This year is the 80th anniversary of the Jaeger-LeCoultre Reverso, a watch able to rotate 180 degrees within its case and devised in order to protect the watch face.
With that in mind, an article on this iconic reversible watch seemed in order.
The Reverso was released in 1931, and its idea came about as the result of a polo match in India.
Cesar De Trey, while relaxing in a bar after a polo match happened to notice the smashed crystal on a watch worn by one of the other players, this led him to suggest the idea of a reversible watch to his friend Jacques-David LeCoultre.
Looking into this idea Jacques-David LeCoultre discovered there weren’t really any watches that filled the need of an unbreakable watch and set about creating one, the Reverso. On its release it was greeted enthusiastically and sold well, even gracing the wrists of amongst others King Edward VIII and Amelia Earhart. The reversible design of the watch apart from protecting the face also gave it the opportunity of having a nicely engraved back that could be flipped over and displayed, a feature that also proved to be an attractive selling point.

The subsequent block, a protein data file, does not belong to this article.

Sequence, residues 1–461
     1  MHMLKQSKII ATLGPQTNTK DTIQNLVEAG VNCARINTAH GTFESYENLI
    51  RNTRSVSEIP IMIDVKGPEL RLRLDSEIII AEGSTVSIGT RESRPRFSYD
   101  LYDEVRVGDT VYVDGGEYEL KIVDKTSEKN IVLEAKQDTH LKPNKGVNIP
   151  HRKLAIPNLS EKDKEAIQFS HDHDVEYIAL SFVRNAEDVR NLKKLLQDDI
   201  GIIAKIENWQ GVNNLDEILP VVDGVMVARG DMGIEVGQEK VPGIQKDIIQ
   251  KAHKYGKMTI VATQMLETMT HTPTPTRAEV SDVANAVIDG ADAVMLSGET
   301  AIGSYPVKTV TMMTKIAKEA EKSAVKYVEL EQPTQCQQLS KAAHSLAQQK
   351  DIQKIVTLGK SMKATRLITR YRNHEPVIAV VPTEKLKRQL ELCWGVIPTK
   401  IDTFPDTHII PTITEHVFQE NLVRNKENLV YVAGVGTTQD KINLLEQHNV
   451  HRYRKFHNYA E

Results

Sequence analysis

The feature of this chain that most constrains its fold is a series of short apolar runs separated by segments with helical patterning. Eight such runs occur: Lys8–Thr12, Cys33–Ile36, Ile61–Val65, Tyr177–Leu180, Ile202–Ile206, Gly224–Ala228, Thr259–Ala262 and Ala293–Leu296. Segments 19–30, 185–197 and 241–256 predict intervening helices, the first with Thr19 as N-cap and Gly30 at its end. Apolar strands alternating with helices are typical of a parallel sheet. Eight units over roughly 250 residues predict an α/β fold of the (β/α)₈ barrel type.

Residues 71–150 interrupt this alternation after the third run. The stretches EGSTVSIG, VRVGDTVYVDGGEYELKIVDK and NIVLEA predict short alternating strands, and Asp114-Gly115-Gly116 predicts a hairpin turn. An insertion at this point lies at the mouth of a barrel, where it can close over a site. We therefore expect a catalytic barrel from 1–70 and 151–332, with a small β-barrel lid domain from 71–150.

Obscurity and rebirth
Despite initial success its full potential was cut short with the start of the second world war along with changes in taste and fashion. Jaeger-LeCoultre’s also decided to focus more on simpler watch designs since the Reverso’s complex case was so expensive to manufacture. The combination of these factors resulted in the Reverso falling into obscurity until the 1960’s, since then however it has gone on to become Jaeger-LeCoultre’s most popular watch by far.
The reversible aspect of its design has given rise to many Reverso model variations over the years. Including models with two dials for different time zones, differently styled or types of face, along with even more complex models such as the “Gyrotourbillon” and “Mechanica à Tryptique” (pictured above).
Jaeger Le-Coultre have created the largest virtual museum devoted to the Reverso, you can visit it here